Military Divorce in Texas

military man facing away from distraught wife

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If you are facing a military divorce in Texas, you can expect it to follow the same general path as any other divorce – except there are some additional federal laws and jurisdictional concerns that apply. Every divorce comes with its own unique complications, but a military divorce is that much more complicated. If you are going through a military divorce, you need an experienced Central Texas divorce attorney.

Texas Jurisdiction

Generally, determining the jurisdiction for a divorce case is fairly direct. Jurisdiction in a military divorce is often more complicated. Because active military personnel can be deployed or receive new orders with little warning, establishing residency requirements for jurisdiction can be difficult. There are several basic Texas jurisdictional requirements:

  • One of you must have been a Texas resident for at least six months.

  • The spouse who is a resident of Texas must have been living in the county of filing for at least three months.

  • The military spouse must be stationed in Texas.

If the military spouse is stationed outside of Texas, it is time to consult with a knowledgeable Central Texas divorce attorney.


The spouse filing for divorce must serve the other spouse in person, and if the other spouse is deployed, service becomes trickier. This requirement can only be waived if the spouse being served signs an affidavit of waiver, which is only applicable in uncontested divorces.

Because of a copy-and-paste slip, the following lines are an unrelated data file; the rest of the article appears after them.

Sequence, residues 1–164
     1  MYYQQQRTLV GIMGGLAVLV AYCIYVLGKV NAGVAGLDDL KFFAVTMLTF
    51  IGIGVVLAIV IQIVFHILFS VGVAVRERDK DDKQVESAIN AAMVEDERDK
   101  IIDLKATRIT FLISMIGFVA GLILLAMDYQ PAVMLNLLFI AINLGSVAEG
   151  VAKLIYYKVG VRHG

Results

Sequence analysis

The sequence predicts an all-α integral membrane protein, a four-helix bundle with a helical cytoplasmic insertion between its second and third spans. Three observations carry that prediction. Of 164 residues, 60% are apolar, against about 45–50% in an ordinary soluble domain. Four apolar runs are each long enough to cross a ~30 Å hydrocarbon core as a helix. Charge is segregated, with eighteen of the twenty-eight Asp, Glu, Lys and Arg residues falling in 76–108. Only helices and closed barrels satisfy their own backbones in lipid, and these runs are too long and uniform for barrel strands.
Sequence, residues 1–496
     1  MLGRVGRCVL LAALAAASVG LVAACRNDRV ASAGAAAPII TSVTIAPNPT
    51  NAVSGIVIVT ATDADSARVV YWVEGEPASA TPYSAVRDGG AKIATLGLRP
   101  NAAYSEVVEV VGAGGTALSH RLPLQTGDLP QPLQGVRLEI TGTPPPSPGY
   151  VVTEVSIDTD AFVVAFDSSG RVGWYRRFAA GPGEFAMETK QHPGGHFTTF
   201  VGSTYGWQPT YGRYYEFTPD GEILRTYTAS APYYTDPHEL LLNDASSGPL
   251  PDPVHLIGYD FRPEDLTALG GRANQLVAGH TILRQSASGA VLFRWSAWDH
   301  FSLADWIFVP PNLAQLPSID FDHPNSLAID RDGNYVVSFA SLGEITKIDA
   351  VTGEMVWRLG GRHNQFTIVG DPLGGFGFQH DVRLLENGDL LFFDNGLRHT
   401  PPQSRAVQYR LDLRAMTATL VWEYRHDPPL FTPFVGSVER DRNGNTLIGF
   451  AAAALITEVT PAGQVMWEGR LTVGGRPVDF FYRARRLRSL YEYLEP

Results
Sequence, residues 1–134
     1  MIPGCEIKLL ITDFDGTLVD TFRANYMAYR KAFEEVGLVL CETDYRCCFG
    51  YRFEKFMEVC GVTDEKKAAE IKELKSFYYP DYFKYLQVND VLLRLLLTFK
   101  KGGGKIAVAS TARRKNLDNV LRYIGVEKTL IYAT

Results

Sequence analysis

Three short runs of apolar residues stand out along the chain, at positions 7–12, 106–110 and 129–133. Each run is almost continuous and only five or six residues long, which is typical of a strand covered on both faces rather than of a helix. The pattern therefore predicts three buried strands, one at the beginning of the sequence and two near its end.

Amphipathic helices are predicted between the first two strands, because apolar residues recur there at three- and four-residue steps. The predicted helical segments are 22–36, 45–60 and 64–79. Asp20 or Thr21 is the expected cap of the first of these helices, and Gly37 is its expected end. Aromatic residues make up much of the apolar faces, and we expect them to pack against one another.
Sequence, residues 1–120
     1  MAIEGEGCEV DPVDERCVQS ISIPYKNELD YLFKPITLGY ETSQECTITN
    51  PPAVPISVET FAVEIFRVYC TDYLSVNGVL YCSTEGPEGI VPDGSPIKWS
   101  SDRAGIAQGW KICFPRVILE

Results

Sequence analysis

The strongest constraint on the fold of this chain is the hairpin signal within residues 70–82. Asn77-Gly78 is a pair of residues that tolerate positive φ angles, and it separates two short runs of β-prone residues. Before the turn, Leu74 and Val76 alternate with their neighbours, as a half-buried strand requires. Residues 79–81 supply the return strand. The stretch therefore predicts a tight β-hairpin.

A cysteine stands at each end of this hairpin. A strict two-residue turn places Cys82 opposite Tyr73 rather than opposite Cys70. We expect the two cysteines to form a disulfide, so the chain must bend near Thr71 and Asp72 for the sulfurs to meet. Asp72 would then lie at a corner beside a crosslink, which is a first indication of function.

The Servicemembers’ Civil Relief Act allows military personnel additional protections:

  • Service members who are active duty cannot be held in default for failure to timely respond to service of divorce papers.

  • Service members who are active duty can delay divorce proceedings for the duration of active duty and for up to 60 days beyond.

If you are the military spouse and you are invested in putting divorce behind you as expediently as possible, you can waive these rights, but it is unlikely to be in your best interests. Important decisions related to custody arrangements for your children and the division of your marital property will be determined in the divorce proceedings, and you want to ensure that your rights are well protected throughout.

Military Benefits and Divorce

Throughout the divorce process, both spouses should continue to receive military benefits and to maintain their military IDs. Nonmilitary spouses can typically keep their military medical benefits and exchange privileges if the marriage lasted at least 20 years; the military spouse was active duty for at least 20 years; and the marriage and the active duty overlapped for at least 15 years.

If You Are Facing a Military Divorce, Consult with an Experienced Central Texas Lawyer Today

A military divorce can take an already complicated process to the next level. If you are facing a military divorce, attorney Brett H. Pritchard at The Law Office of Brett H. Pritchard in Central Texas is here to help. Mr. Pritchard has the experience, commitment, and skill to guide your case toward a resolution that works for you and your children. For more information, please contact or call us at (254) 220-4225 today.


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